I may say and it will easily be demonstrated by facts that the manufacturing industries have made greater progress in work sharing than any other form of employment, and I think we can conservatively estimate from all information we have at hand that work sharing is at present effective in 70 per cent of the manufacturing industry. Work sharing is not the only method of distributing work, as we shall call to the attention of the committee presently.

With this brief preface may I secondly call the attention of the committee to a phase of the matter that I think deserves your very serious consideration before we enter upon this argument.

It was suggested by the discussion I had the opportunity of hearing only yesterday, it was intimated, that even if this bill is invalid plainly on its face, nevertheless as one case decided by the Supreme Court in reference to this subject was a five-four decision, you could well afford to pass this and let the court reexamine the subject and determine whether or not the dissent had become the opinion of the court. Of course I may in passing say, Mr. Chairman, that if this were a close question in which a single case represented a divided court there might be some basis for that rather remarkable sug. gestion in view of what I conceive to be the nature of the legisTator's obligation as it has been set forth by the most distinguished authority.

But I think we will be able to demonstrate to you that you could exclude the child-labor cases, so called, and then you could not do otherwise than arrive at the conclusion that this bill upon its face is invalid. Certainly to the most sincere and sanguine believer in the policy it may raise doubts so serious on the part of an agent that he should hesitate to exercise his delegated authority.

I venture to call your attention to two expressions on that subject which I think should receive careful consideration by gentlemen imbued with such a high sense of obligation as this committee. The first expression is by President Taft on March 1, 1913, when he vetoed the Webb-Kenyon bill. Therein he stated what he conceived to be the proper attitude of the Executive or the legislator in the present of a proposal of dubious constitutionality. I read from his message to the Congress :

The oath which the Chief Executive takes, and which each Member of Congress takes, does not bind him any less sacredly to observe the Constitution than the oaths which justices of the Supreme Court take. It is questionable whether the doubtful constitutionality of a bill ought not to furnish a greater reason for voting against the bill, or vetoing it, than for the court to hold it to be invalid. The court will only declare a law invalid where its constitutionality is clear, wbile the lawmaker may very well hesitate to vote for a bill of doubtful constitutionality because of the wisdom of keeping clearly within the fundamental law.

The custom of legislators and executives having any legislative function to remit to the courts entire and ultimate responsibility as to the constitutionality of the measures which they take part in passing is an abuse which tends to put the court constantly in opposition to the legislature and executive, and, indeed, to the popular supporters of unconstitutional laws. If, however, the legislators and the executives had attempted to do their duty this burden of popular disapproval would have been lifted from the courts, or at least considerably lessened.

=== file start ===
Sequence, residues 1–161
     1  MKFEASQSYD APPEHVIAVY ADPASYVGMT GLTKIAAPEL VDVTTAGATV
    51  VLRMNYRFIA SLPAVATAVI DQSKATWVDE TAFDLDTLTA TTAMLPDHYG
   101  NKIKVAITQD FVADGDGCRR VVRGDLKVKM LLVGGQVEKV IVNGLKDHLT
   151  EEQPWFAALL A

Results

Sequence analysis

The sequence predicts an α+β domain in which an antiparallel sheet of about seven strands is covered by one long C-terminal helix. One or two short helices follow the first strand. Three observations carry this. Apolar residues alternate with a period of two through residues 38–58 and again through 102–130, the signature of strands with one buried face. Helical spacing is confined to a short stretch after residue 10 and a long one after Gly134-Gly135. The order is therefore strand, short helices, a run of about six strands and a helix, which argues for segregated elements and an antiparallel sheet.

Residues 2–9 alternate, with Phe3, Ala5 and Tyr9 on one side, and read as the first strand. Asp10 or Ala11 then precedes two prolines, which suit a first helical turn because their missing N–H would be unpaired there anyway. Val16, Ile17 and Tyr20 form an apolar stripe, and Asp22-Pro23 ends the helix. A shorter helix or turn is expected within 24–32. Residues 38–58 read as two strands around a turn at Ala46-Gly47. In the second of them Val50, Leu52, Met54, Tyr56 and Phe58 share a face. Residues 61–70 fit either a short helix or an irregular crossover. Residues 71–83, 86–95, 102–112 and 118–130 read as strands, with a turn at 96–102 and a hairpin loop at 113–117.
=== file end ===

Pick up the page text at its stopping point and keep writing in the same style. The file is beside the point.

The CHAIRMAN. Right there are you not down to the proposition that you have nine justices of the Supreme Court, and with all due respect for their judicial knowledge and patriotism and their desire to serve the American people, if a majority of the 435 Members of Congress and a majority of the 96 Senators think that anything is for the best interests of the country and pass an act and leave it up to the Supreme Court to decide its constitutionality, you say that the legislative body is trying to pass the buck on to the Supreme Court. We have a record showing that the Supreme Court has reversed itself 35 times. The court is human; times change, and if the Congress feels that some measure is a good one and for the best interests of the American people, why not pass it, let the Supreme Court say whether it is constitutional By that process what harm is done to the people and to the Constitution?

Mr. EMERY. Let us see, Mr. Chairman. What is the supreme law of the land? Why, it is the Constitution of the United States. The legislator takes an oath to support the Constitution of the United States and when he takes that oath he takes it to support it not as he interprets it but as it has been interpreted by those authorized by the Constitution so to do. An act is not held to be invalid because it differs with the Congress on questions of policy. The court has no power in that field. The sole power of the court is to determine whether or not an agent in exercising delegated powers has exceeded his authority in the particular matter before him. That question can not be raised in an abstract way. It must come before the court as a juridic question in which some right guarded by the Constitution itself is at issue.

The CHAIRMAN. Nevertheless, in the case in mind we had four justices who were presumed to be just as learned as the other five and the four justices in the 5 to 4 decision decided exactly opposite to the 5.